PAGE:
15. Love the heck out of ‘um. Chances are, you don’t understand what your loved one is going through (not unless you also suffer from a chronic pain). Just because you don’t understand it though, doesn’t mean you can’t show them love. Not everyone understands our journey, but everyone understands love – it’s a universal language. 

Love

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Aurora

Wednesday 27th of April 2016

I had been wondering why I could actually eat so many of your recipes, but now I understand. You also suffer from chronic pain and auto-immune issues like I do.

The doctors have been unable to identify the particular proteins and antibodies associated with my auto-immune/chronic pain disorder so they haven't diagnosed me with a specific disorder, though they have recognized that my immune system is over-reactive.

I've had joint pain since I was twelve, endometriosis since I was fourteen, and psoriasis since way before either. Joint pain and psoriasis points to a possible case of psoriatic arthritis and, although the cause for endometriosis is yet unknown, it is very well possible that my endo is at least worsened by my auto-immune disorder.

So I've been in chronic pain off and on for half of my life, and only started seeking out help a couple of years ago. Last month, a naturopath suggested I try an allergy elimination diet to identify foods that may be triggering my inflammatory responses. I've been working on it, and just yesterday reached the point that I could start testing possible allergens. I've still got a long way to go on this diet, and I am so grateful that you've created these recipes which are gluten-free, corn-free, dairy-free, and often sugar-free--meaning things I can actually eat!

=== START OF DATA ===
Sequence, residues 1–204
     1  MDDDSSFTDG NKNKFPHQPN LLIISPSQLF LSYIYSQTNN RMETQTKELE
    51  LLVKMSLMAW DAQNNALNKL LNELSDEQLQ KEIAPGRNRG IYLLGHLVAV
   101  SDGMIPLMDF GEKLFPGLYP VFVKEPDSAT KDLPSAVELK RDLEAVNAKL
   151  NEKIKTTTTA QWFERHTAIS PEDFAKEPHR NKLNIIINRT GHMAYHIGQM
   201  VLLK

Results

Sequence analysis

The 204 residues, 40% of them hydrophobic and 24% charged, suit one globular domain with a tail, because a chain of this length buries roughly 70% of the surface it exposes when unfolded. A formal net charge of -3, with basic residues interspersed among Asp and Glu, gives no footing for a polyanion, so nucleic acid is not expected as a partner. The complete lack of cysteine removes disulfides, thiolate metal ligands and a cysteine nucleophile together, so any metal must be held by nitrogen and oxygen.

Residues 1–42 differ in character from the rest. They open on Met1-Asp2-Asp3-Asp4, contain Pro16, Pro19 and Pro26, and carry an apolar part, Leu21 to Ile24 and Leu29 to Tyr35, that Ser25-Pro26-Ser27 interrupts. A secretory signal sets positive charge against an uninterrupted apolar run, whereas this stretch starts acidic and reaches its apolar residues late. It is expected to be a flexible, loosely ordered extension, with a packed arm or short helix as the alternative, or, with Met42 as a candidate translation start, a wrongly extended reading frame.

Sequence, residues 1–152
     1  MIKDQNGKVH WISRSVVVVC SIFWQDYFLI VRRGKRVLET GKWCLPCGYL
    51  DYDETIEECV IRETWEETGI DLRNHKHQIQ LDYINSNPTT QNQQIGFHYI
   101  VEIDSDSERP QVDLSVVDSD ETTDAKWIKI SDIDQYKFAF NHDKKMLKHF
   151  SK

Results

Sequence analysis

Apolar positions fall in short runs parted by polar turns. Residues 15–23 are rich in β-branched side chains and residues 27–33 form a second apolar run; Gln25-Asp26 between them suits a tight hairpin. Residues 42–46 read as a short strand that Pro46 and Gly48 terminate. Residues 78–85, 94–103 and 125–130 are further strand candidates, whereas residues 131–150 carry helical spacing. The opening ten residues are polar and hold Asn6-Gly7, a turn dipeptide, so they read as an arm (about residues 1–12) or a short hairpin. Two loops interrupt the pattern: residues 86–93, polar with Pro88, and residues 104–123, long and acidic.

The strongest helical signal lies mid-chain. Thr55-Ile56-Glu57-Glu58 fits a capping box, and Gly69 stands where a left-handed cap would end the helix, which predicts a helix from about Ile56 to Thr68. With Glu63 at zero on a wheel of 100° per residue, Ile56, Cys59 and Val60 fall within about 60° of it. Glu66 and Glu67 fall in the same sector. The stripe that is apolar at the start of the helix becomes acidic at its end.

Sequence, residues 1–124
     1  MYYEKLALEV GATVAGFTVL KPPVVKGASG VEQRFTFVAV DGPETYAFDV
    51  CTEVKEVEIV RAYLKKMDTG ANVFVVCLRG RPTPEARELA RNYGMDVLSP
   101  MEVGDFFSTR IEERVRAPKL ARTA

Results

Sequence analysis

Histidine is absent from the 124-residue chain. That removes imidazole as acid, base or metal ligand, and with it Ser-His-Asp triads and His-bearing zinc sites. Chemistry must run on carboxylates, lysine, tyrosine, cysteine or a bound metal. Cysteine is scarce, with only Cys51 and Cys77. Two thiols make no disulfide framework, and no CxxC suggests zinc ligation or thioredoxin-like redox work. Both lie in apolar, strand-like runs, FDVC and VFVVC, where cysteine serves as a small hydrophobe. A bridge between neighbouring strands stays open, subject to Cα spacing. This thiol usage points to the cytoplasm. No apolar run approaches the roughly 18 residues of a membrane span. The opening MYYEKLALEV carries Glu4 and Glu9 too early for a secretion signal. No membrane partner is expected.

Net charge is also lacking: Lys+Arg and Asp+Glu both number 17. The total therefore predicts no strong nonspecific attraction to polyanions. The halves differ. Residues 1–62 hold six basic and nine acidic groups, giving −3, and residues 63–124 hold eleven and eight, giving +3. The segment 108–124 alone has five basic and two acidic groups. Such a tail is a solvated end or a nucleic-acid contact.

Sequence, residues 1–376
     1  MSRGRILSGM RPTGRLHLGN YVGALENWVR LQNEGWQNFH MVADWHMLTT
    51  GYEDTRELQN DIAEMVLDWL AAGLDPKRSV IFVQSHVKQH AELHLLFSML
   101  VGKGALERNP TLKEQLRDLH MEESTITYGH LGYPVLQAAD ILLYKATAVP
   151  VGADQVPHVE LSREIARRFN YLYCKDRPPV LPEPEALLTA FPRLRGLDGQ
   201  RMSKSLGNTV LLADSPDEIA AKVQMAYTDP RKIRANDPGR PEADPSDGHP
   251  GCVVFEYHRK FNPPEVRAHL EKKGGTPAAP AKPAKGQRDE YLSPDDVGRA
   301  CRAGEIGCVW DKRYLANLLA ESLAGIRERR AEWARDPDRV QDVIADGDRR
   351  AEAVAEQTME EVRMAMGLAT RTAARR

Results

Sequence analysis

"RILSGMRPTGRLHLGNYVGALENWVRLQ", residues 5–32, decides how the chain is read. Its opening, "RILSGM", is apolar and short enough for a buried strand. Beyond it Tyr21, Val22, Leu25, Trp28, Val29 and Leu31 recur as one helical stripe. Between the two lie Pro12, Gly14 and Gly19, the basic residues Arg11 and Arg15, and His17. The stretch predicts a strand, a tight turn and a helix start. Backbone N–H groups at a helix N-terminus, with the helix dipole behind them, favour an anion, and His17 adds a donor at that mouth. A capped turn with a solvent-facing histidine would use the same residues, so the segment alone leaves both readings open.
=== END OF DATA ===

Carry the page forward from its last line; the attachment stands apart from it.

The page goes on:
Thank you.

Odessa

Sunday 6th of December 2015

Thanks for this article. I've been struggling with chronic pain for several years now and it's so difficult when the people in your life don't know how to deal with you. I just feel like I'm crazy most of the time and all I hear is that it's in my head. Thanks for validating everyone who is in the same boat as you. Well wishes xx

Elle @ Only Taste Matters

Wednesday 7th of October 2015

Ok I've stopped crying long enough now to leave a comment. All I can say is thank you! And yes!

Sheena @ Tea and Biscuits

Sunday 4th of October 2015

This is a very helpful list Megan, thanks! I'm very grateful for my patient and loving husband who looks after me well when I'm feeling grim, it's hard when it's an unseen illness and you might look 'well' but feel just awful on the inside.

Dixie

Friday 25th of September 2015

Thanks for posting this. My husband also lives with chronic pain & your post reminded me how to help him. He hides his pain well & I somet forget he hurts all the time.